The Loop

Closed-loop control over the complete process is here. Then again, it’s been here all along.

Closed-loop control over the complete process is here. Then again, it’s been here all along.

Open-loop systems become closed-loop systems—loosely defined—whenever they’re put to use. A human closes the loop. The water pouring into your bathtub doesn’t zero in on the temperature you want the way your thermostat-controlled air conditioning does, so you feel the water yourself and adjust the knobs accordingly.

Machining processes employ a similar mechanism. The part is designed, machined, inspected . . . but then comes the hand in the bath water. The inspector compares the actual measurements to what they should be, and engineers analyze any discrepancies to determine how the process or part should change.

This loop can be slow to close. And just as with a CNC servo loop, the slow update time compromises either speed or accuracy. Lead time is lost while humans interpret the data, or else parts are scrapped if the process keeps running while the interpretation is going on.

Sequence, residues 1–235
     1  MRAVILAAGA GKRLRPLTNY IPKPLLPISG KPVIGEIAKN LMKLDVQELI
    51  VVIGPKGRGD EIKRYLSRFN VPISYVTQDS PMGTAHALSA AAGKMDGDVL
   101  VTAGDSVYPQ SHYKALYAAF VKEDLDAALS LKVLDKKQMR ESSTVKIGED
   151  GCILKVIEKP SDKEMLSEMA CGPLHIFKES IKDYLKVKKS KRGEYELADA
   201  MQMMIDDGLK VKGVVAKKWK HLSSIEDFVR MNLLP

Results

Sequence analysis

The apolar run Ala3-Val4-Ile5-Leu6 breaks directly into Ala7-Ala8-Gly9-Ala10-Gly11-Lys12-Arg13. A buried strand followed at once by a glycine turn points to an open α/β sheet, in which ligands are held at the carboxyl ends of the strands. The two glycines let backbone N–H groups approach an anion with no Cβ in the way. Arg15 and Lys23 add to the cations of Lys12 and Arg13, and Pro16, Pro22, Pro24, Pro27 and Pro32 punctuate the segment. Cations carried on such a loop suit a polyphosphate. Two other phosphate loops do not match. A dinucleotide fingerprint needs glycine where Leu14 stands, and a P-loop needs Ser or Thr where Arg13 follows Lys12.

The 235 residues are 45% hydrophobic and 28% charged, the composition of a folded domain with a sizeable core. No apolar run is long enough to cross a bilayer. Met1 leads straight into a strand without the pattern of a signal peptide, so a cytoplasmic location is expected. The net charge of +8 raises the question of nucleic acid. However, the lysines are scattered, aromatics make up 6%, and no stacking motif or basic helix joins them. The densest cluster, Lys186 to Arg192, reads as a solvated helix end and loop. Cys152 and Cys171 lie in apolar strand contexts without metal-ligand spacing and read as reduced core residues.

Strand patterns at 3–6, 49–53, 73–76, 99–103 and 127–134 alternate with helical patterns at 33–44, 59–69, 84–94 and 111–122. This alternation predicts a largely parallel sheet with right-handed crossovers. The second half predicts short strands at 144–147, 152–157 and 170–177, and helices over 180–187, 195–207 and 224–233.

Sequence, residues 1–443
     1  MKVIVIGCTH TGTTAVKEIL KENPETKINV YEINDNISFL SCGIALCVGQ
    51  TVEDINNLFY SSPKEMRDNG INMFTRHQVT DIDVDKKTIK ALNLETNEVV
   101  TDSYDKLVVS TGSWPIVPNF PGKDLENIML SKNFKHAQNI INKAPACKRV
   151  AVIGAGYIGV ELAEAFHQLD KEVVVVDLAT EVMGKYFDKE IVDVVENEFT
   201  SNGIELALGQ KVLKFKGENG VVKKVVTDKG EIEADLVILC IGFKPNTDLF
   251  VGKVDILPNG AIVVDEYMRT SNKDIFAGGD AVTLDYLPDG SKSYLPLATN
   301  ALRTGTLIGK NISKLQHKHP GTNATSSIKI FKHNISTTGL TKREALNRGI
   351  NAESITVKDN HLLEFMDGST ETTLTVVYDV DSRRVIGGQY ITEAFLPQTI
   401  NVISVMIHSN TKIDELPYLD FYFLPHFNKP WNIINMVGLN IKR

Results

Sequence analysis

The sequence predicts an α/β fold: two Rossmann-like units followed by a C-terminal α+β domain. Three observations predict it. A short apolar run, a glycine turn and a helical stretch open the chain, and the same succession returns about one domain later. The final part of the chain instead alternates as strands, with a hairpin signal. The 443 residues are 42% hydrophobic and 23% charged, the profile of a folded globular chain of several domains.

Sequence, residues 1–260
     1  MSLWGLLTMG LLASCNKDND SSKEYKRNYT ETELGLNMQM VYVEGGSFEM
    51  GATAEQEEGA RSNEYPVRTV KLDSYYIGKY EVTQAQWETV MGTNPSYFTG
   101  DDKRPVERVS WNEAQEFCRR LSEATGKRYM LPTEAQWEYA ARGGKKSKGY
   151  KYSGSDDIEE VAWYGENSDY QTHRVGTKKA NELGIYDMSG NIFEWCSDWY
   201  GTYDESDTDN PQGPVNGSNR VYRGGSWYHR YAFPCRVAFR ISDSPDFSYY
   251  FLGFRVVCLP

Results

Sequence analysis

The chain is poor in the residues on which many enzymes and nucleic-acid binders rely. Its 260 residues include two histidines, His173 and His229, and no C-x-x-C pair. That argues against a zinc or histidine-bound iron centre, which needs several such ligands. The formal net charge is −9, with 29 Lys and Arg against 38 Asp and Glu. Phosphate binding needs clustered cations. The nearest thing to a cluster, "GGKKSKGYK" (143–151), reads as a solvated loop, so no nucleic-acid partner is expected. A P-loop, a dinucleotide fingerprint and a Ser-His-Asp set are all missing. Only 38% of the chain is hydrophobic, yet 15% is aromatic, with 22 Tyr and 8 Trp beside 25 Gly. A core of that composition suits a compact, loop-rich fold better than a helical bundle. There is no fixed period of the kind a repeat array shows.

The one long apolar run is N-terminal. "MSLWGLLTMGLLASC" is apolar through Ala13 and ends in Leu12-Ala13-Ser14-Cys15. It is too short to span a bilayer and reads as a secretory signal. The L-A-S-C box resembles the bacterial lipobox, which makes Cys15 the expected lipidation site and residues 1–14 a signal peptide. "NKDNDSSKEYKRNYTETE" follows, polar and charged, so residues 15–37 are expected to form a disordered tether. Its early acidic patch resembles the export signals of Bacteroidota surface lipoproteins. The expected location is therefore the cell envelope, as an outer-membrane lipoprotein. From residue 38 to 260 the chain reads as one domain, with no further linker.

One perspective on this problem comes from Xygent, a company that began its life as a software division of Brown and Sharpe. Xygent is working toward an open metrology operating system that would (among other benefits) make it practical to capture metrology data as a virtual model that could be used throughout the process and compared to the CAD ideal. (See article)

A representative of the company recently pointed out an area that stands to benefit: prototype manufacturing. Metrology-based models of mating parts could be given virtual loads to simulate fastening, then compared to see how well the parts fit.

Prototype factories do that same job today. Mating test parts may be shipped to a prototype assembly area from shops in various locations. All this assembly area needs is information—namely, whether the parts will fit together—but the most practical medium for conveying that information is the part itself! As a result, transport time is added to the duration of the loop. Metrology-based models could overcome this delay.

The same models could also speed the process inside the shop. With the machined part model and the CAD model brought together, CAM software might adjust the process automatically in response to any differences. Such a process would be “closed-loop” even by a strict definition of the term. It would also close the loop more quickly than the same loop can be closed today.